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Know before you go: To reach Anmo Village (which is the last motorable village before Phuktal), take an early morning taxi from Padum and reach the village by afternoon. From here trek to Cha Village, which will take approximately 3 hours to reach. It is suggested that one spends the night at one of the many homestays in Cha as the trail of 6km from here to Phuktal gets a bit treacherous and difficult. The trek from Cha to Phuktal should take you not more than 3 to 4 hours. You can also spend the night at the monastery, if you don't want to descend the same day. An alternative route is to reach Purne via Keylong from Manali. Purne is 4km from Cha Village, and after the trek you can take a taxi to Padum or Leh and spend more time in Ladakh.

Instead of a five-star, spend a night in a remote high-altitude village

The tiny village of Shingo has only three households, one of which is a homestay established under the government's Mountain Homestays initiative, in a bid to improve the livelihood of women. And serves as a great contrast to the urban Leh, where most tourists end up spending all their time. Until 2015, Shingo did not have electricity. But after a solar power grid changed that, its small population has been trying to fare well economically by opening its doors to travellers and explorers who pass the village while trekking. A stay here will not just be an offbeat experience for you, but will also work to support this small community of Ladakhi people as well.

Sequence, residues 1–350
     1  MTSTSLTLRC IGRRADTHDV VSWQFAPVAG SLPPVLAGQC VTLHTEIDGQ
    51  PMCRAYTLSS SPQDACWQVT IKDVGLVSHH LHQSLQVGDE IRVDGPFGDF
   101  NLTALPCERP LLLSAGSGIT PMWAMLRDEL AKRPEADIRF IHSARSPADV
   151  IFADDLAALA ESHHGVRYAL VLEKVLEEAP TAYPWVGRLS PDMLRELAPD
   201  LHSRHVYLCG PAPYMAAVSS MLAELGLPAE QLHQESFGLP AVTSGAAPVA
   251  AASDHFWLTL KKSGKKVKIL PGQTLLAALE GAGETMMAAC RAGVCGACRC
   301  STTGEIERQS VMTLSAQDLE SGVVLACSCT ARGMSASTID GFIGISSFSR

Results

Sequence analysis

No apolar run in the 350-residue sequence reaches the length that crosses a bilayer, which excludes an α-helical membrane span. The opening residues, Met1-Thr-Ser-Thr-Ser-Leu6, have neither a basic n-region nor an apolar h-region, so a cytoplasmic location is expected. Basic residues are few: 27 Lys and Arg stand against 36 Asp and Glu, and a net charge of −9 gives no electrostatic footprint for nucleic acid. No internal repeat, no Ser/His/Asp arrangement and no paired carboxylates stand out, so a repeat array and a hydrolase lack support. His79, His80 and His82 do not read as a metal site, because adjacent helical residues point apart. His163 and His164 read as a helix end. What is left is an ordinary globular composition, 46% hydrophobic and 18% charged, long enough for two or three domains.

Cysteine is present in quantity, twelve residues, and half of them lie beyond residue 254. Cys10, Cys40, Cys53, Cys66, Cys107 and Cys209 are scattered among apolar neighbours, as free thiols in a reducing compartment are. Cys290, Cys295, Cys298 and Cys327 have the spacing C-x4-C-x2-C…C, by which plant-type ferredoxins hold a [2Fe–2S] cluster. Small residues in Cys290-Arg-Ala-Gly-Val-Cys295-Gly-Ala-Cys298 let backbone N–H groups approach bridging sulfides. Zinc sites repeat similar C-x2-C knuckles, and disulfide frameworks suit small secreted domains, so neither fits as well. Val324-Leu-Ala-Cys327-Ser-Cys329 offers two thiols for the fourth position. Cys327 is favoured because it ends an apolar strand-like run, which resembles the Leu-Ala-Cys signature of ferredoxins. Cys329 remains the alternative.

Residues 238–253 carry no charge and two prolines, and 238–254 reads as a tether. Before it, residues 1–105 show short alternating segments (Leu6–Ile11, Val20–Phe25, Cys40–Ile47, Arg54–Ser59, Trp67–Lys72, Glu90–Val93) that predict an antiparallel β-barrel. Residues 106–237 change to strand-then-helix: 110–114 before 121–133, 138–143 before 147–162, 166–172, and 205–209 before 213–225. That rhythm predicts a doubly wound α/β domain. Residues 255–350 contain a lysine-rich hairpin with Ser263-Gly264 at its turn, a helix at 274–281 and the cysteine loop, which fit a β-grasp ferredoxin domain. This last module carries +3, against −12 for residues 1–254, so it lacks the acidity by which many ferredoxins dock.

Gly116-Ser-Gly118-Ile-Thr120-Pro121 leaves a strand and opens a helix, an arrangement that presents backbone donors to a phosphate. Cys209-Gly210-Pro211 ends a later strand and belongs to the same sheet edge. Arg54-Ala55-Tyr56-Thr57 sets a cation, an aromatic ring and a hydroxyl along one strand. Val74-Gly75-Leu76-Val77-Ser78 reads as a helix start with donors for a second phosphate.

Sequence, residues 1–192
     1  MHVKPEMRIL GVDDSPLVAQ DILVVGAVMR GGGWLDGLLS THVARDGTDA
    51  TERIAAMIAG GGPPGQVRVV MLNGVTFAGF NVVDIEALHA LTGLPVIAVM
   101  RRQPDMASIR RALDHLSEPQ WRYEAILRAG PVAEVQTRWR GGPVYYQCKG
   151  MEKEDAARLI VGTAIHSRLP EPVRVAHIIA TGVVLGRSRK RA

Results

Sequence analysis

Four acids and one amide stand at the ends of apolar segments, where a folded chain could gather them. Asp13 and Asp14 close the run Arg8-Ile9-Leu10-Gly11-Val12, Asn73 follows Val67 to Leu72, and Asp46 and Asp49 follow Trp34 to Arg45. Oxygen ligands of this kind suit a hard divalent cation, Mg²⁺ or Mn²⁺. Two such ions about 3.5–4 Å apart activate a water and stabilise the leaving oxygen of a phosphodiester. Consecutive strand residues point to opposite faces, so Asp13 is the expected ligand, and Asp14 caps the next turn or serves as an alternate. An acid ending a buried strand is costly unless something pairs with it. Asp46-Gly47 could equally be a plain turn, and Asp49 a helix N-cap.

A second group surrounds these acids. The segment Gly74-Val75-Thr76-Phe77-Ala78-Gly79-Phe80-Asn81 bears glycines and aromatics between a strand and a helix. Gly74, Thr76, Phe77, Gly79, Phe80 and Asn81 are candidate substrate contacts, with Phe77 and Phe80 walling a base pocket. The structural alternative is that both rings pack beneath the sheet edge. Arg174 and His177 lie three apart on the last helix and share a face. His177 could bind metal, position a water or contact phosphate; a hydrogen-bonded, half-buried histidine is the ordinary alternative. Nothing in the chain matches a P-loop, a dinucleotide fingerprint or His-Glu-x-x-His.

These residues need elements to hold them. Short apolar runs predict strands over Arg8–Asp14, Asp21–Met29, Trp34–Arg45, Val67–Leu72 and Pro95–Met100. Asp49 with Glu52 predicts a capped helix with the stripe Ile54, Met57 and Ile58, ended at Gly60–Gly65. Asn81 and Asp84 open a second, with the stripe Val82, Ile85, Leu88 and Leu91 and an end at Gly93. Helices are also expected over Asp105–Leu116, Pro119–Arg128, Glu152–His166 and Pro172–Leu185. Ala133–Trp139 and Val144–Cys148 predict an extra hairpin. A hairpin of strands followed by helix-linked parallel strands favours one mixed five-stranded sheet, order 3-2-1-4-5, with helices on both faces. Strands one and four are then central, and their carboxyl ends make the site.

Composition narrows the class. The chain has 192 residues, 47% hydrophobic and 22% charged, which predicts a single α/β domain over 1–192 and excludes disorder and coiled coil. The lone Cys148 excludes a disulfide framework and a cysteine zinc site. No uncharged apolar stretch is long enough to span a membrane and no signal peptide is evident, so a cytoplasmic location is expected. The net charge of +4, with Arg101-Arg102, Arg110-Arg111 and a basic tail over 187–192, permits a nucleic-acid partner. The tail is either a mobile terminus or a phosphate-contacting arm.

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Know before you go: Reaching homestays that are located in remote areas can be a difficult task. Make sure you are in touch with the host throughout the journey, and have them arrange transportation for you from the nearest city.

Instead of stopping at Tso Moriri, move forward and pay a visit to the isolated Indian Astronomical Observatory in Hanle

Situated at a high altitude of over 14,700 ft in the remote Changthang region, the Hanle village is possibly the best place in India for star-gazing. Taking advantage of its location, the Indian Institute of Astrophysics has established the Indian Astronomical Observatory (IAO), which is one of the world's highest sites for optical, infrared and gamma-ray telescopes. In Hanle, you can also visit the Analy Gompa, which dates back to the 17th century and is a highly-revered monastery for practitioners of Tibetan Buddhism. There are quite a few guesthouses in Hanle, and if they are unavailable, locals open up their homes offering accommodation to travellers at affordable prices. Given the altitude, it does get rather cold in Hanle. But on your visit, make sure to step out at night to enjoy a staggeringly beautiful view of the Milky Way.

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Know before you go: Hanle is quite far from Leh (255km to be exact). Travellers usually plan their trip around several other attractions that come en route to Hanle from Leh. Pangong Tso, Rezang La War Memorial dedicated to Shaitan Singh and Chumathang Hot Springs can be your stoppages on the long road trip. If you wish to go further than Hanle, then definitely visit the massive glacial lake, Tso Moriri. Also, carry identification proofs to get permits from the army checkpoint at Loma, few hours before Hanle. Hanle is extremely close to the Tibetan border, making it and the Indian Astronomical Observatory a highly sensitive zone.